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Exclusive with Former Browns WR Derrick Alexander

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Our rivalry series continues with former Cleveland Browns wide receiver Derrick Alexander, who played for the Browns during their move to Baltimore following the 1995 season.

First, can you let us know what you’ve been doing with yourself since your time in the NFL?

Right now, I’m coaching at Morgan State. I’m coaching the wide receivers and am the passing game coordinator as well. So I’m just busy doing football stuff now.

Any coaching mentors that helped shape the way you approach coaching?

One coach that I really enjoyed playing for was my position coach Richard Mann – I played for him twice – in Baltimore and Kansas City. I was with him for two years in Baltimore then with Kansas City. When I coach, I try to teach my guys the same things he did. The way he approached the games and practices  – he was the best coach I ever had. I model my coaching after him.

What specifically did he teach you – what do you try and emulate?

His focus on technique and the intricacies of route-running. How to get open – those tips he gave me are what I try and teach as well.

You were there when the Browns moved to Baltimore. What was that whole experience like for you?

It was a big surprise. When I was drafted by Cleveland it was a good place for me to go. It was close to Detroit, where I was from. I loved playing there – we won a playoff game there when I was a rookie.

But that stadium – honestly, I couldn’t believe that was an NFL stadium. The practice facility was new – one of the better ones in the league. It was a great facility, but the stadium was a shocker.

The Browns fans were great. They were great to play for. It just didn’t feel real, getting the announcement that we were moving. It was like, it wasn’t really happening. Once the season was over we had to pack our stuff for the move and it was a weird feeling, No one knew anything about Baltimore – where to go, where to live. It was a big shock.

In a sense, you played then for two rival Pittsburgh teams, What was that rivalry like for you and how did it change from Cleveland to Baltimore?

It was definitely a big rivalry on both teams. In Cleveland my rookie season, we lost to them twice during the regular season. Then we played them a third time in the playoffs and got demolished. We lost to them three times in one season. For me, that started off the rivalry. I know it started well before I got there, but that’s what did it for me.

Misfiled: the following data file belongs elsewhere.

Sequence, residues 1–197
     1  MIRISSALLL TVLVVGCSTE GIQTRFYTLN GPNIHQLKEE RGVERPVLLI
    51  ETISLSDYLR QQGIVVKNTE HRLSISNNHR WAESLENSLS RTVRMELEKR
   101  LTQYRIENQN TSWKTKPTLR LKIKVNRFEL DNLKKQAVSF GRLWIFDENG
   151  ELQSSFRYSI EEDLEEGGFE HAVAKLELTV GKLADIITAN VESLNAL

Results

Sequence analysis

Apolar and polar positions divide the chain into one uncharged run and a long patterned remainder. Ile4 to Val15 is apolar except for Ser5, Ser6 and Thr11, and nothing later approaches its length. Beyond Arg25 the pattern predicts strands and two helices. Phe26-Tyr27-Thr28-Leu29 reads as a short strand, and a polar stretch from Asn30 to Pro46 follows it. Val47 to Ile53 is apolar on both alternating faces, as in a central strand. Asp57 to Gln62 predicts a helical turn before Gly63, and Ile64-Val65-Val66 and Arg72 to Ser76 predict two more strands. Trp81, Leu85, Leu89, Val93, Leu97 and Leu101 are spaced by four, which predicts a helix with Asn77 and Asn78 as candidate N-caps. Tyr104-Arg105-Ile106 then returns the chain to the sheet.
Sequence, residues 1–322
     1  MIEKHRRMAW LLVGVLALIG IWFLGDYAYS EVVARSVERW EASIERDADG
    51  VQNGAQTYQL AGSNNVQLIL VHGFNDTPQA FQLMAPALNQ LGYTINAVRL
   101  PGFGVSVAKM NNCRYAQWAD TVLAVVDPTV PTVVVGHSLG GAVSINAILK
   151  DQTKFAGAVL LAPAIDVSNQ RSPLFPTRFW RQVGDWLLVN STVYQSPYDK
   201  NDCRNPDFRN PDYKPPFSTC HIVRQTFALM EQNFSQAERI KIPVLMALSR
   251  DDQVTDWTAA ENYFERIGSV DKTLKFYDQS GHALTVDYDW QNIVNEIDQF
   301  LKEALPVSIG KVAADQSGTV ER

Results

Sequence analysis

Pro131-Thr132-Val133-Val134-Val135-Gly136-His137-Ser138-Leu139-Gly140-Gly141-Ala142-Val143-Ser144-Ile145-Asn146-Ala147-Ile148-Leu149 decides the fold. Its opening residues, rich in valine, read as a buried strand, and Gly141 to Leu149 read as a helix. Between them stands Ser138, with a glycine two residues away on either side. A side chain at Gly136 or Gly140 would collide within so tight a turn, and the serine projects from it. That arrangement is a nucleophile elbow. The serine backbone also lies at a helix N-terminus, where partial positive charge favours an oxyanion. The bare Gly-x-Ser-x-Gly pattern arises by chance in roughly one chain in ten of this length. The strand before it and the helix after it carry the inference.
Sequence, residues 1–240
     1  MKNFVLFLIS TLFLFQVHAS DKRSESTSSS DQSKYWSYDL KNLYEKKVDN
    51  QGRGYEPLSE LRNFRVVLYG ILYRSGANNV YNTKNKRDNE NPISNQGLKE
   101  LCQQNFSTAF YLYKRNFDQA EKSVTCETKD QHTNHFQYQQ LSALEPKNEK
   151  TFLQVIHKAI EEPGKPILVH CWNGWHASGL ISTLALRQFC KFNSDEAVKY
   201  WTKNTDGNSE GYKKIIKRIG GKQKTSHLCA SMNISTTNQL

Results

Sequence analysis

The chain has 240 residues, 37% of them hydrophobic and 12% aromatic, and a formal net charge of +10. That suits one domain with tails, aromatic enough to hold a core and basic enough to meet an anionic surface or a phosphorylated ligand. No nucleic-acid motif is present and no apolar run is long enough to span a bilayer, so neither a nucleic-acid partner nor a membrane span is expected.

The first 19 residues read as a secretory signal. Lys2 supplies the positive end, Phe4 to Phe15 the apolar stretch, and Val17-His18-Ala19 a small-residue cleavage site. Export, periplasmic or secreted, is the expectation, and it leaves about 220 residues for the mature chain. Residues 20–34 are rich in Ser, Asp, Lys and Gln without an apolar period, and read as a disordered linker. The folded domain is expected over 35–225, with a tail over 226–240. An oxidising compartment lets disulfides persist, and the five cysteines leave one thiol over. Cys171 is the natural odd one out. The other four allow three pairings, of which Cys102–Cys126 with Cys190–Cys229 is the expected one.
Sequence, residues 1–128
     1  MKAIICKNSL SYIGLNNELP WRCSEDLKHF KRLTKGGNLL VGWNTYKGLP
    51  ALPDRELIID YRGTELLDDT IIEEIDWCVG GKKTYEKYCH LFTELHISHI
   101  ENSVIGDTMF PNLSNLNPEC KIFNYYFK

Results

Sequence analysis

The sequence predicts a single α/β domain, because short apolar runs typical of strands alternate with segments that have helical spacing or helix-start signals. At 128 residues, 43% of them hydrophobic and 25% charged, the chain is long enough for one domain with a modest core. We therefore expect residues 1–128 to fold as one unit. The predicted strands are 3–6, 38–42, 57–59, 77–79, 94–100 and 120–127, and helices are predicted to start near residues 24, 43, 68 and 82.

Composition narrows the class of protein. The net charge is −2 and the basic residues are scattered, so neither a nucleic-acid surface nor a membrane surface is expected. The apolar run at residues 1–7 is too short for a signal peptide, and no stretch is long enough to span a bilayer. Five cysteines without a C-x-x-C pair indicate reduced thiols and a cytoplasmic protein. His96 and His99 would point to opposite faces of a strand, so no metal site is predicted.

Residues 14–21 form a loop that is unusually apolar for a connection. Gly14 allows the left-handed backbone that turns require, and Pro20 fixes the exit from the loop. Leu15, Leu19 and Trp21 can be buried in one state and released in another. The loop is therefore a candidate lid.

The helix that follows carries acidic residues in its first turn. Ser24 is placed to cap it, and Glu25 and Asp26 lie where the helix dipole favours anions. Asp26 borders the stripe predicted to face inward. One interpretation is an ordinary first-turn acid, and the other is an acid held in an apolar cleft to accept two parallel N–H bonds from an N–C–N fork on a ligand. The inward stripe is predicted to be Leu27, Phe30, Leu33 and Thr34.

Then you move to Baltimore…

When we got to Baltimore, I remember playing them at home. When they came in we all said to ourselves we wouldn’t lose to them again. That game, I had one of the best games of my career and we won. That kicked off the Baltimore-Steelers rivalry – that was the game that did it

Who were some of the guys you looked forward to playing against in those games?

Rod Woodson of course – he was a Hall of Fame player and a guy you wanted to go up against as a receiver.  That was the guy no one wanted to throw at. Willie Williams was good too. They were great matchups – they were the types of guys you wanted to go up against. You had to go after those guys if you wanted to win.

You had some success against those guys – why was that?

Some guys you see so much of – those division guys you see over and over. You learn things about them you could attack. I’d keep a journal on those guys and study and figure out how to attack them and use those things I learned to help me.

For example?

Rod was a risk-reward type of guy, He was high risk high reward – he’d take chances to make plays. We’d have to be careful to try and not give things away. On slants, splits – little tings would help him read the routes. We couldn’t let him route-read. He’d see things – some of the concepts we’d show – and route-read those. So we’d try to use those concepts but change things up to trick him and make him guess wrong. A lot of double moves on him too.

Any fun m memories you can share of the rivalry?

It was a good rivalry – a lot of back and forth. We had a lot of respect for each other, We didn’t like each other but we did respect each other.

One game – the one I had 198 yards receiving – they tried to help me get those extra two yards. They wanted me to run a hitch route to get to 200 yards, The guys on the sidelines kept yelling at Rod – telling him he wasn’t that good – encouraging me to keep going at him. Just that banter – it was pretty good.

Any thoughts on the rivalry today?

I think it’s one of the best rivalries in football right now. Whoever wins those games usually wins the division. Its gone back and forth for years. It’s a tough, physical game. You have to be a tough guy to play in this game!

Ron Lippock is the author of Steelers Takeaways and has interviewed over 650 past and present Steelers players, coaches and personnel. You can purchase his book on Amazon: https://www.amazon.com/Steelers-Takeaways-Memories-Through-Decades/dp/1681570076

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